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The Right to Read: Macworld's iPhone Wish List

Because you're stupid.

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In the world of the Mac Macworld reigns nearly supreme. But a glance at what's done there irrevocably brings thoughts to what life must have been like immediately prior to the invention of the printing press.

For the past twenty years and more Mac users have reveled in not knowing anything about how their computers work. Back in the days before the printing press no one could read. You want to read? Why? If you need to know anything - just ask your vicar! Just ask Macworld.

The reason it's so difficult to find an intelligent discussion of Apple technology is simple: there are too few intelligent people familiar with the platform to go around. The platform hasn't really got off the ground. All you find are discussions of whether the option key should be called the command key or vice versa. For the pros haven't made it over - and they haven't found each other. Not yet.

In this interim publications like Macworld can thrive. This is no CACM; it's no Dr Dobbs; it's merely trying to hook into the enthusiasm for the platform and those working there are successful at what they do. The question is whether they're actually doing anyone any good.

The reason it's so easy to poke holes in Apple technology is simple: there are too few intelligent people familiar with the platform to go around. Apple are a secretive lot; they neither give nor take from the world outside. They're not going to learn from the experience and mistakes of others. They're always going to want to go their own way. Their file system HFS being the perfect example.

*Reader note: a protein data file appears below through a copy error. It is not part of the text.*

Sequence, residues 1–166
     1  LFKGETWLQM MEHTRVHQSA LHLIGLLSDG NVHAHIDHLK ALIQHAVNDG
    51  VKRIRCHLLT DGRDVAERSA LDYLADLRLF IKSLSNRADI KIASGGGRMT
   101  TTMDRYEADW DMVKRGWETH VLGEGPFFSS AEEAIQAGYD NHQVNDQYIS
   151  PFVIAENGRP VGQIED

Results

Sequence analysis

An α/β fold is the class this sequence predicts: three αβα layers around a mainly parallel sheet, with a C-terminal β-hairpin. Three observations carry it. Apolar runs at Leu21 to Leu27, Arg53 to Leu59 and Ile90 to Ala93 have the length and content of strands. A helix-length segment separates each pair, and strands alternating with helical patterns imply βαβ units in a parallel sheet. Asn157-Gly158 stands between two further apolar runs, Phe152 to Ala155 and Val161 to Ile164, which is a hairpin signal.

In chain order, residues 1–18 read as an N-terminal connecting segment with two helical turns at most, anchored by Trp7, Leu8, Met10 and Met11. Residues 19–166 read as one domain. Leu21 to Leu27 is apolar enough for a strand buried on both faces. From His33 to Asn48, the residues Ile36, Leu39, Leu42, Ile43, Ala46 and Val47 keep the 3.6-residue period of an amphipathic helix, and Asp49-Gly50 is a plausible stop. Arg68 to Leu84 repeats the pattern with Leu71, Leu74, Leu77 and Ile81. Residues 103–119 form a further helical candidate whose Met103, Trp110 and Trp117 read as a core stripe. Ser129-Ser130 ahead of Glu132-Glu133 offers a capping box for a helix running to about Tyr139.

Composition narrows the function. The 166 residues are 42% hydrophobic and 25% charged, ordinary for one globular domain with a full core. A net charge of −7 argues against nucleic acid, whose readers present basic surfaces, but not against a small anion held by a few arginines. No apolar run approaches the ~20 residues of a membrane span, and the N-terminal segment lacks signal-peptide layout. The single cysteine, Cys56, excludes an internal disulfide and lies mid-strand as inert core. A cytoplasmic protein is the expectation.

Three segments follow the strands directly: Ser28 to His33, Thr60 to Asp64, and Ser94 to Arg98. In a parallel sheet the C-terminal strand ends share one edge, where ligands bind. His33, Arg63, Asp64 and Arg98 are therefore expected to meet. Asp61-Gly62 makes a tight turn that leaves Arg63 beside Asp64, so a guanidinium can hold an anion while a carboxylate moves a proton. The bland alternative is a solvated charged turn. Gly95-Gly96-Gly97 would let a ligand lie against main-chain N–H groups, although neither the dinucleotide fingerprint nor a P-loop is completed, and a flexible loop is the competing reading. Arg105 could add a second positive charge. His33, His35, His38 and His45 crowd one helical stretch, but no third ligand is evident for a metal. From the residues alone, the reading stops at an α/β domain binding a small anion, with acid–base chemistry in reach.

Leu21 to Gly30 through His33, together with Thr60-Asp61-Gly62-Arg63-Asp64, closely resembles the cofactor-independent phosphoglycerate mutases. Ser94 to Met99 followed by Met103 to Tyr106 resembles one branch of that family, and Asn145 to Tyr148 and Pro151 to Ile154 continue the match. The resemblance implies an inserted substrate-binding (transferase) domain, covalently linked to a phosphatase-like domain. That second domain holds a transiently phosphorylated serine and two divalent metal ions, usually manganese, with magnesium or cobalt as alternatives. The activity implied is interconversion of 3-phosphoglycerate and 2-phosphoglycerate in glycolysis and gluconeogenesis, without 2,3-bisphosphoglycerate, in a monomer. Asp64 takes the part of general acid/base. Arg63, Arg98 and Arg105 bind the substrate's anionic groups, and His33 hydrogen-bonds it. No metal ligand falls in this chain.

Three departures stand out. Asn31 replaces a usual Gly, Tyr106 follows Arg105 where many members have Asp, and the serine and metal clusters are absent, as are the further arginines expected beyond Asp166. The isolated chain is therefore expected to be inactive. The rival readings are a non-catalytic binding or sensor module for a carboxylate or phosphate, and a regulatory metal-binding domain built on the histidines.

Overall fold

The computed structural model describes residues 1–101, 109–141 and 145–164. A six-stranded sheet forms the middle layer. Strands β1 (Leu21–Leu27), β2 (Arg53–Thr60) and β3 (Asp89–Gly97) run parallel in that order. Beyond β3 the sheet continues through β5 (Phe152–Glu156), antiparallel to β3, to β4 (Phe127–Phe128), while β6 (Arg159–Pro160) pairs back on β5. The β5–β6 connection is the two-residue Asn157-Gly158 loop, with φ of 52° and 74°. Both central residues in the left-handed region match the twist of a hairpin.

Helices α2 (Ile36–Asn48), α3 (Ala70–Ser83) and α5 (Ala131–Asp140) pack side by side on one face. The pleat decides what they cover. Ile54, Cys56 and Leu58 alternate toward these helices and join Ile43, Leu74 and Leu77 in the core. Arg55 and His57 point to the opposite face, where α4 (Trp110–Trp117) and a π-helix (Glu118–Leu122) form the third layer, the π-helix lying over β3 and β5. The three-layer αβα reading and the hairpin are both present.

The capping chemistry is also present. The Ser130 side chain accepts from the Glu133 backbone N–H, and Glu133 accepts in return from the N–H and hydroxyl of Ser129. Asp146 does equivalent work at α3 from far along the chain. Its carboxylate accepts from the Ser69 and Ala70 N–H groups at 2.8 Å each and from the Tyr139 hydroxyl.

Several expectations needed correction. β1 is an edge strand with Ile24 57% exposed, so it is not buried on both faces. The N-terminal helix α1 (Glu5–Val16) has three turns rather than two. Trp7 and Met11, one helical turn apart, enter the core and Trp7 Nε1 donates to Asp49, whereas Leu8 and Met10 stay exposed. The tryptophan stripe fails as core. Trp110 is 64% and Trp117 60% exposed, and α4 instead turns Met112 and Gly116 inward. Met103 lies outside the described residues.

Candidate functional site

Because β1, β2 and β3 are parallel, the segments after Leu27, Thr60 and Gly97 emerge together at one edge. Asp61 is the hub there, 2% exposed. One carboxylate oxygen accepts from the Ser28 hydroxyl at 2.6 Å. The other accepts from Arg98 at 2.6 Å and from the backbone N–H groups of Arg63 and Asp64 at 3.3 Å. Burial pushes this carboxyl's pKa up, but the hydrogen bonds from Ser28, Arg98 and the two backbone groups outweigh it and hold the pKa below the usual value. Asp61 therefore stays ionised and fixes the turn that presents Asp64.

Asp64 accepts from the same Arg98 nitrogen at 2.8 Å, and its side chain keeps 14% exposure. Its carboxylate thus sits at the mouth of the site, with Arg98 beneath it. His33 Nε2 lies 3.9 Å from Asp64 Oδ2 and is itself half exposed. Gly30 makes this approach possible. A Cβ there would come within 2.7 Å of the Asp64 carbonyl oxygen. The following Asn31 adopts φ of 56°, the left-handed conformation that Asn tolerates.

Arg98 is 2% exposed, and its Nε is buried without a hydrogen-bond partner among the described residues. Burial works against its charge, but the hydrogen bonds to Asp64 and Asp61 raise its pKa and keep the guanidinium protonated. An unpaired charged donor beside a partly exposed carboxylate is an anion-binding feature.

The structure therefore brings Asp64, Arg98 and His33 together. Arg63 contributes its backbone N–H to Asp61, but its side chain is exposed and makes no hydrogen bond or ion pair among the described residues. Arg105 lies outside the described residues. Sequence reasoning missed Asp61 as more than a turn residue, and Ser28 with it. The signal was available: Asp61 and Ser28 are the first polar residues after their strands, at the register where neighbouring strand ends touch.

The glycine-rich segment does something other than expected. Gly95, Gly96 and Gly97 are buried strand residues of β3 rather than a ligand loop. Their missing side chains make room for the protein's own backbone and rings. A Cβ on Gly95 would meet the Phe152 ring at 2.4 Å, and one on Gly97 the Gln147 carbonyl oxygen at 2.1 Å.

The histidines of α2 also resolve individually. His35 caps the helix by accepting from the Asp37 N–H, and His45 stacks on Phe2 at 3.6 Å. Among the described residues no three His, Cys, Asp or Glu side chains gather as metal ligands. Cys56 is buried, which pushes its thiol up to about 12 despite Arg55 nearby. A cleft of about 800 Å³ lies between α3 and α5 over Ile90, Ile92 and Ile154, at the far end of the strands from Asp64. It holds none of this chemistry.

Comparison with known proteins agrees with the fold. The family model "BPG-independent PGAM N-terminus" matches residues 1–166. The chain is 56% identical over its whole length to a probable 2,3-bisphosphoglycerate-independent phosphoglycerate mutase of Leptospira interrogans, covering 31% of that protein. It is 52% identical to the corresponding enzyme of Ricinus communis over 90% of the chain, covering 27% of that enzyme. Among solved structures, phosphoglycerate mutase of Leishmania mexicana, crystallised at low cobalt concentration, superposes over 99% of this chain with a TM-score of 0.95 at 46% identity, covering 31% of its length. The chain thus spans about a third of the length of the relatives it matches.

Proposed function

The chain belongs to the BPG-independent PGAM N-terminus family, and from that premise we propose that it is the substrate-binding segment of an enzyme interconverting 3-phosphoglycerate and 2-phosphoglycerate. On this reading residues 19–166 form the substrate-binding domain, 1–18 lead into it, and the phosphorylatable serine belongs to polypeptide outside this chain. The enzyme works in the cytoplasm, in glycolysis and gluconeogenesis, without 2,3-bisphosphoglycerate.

No one except a sporadic few can be found discussing the pros and cons of Apple technology from a professional POV. It's traditionally difficult to get any details and the user base gear themselves against questioning the wisdom of the company. And so far they've been lucky.

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'The iPhone has been on the street and in our hands for a little more than a month now - time sure flies when you can browse the Internet and get email anywhere', writes Dan Frakes for the intro to a new article entitled 'iPhone fixes we want to see'.

One of the most revulsive things a developer or an engineer knows is punters trying to act erudite and discuss pseudo advanced things alongside the people who actually toil and sweat and build the devices - and make no mistake: the iPhone is a totally revolutionary device in terms of its technology. But punters at Macworld don't talk about that. They don't talk about it because they don't see it. And they wouldn't see it if it whacked them upside the head - as iPhone malware might do for example.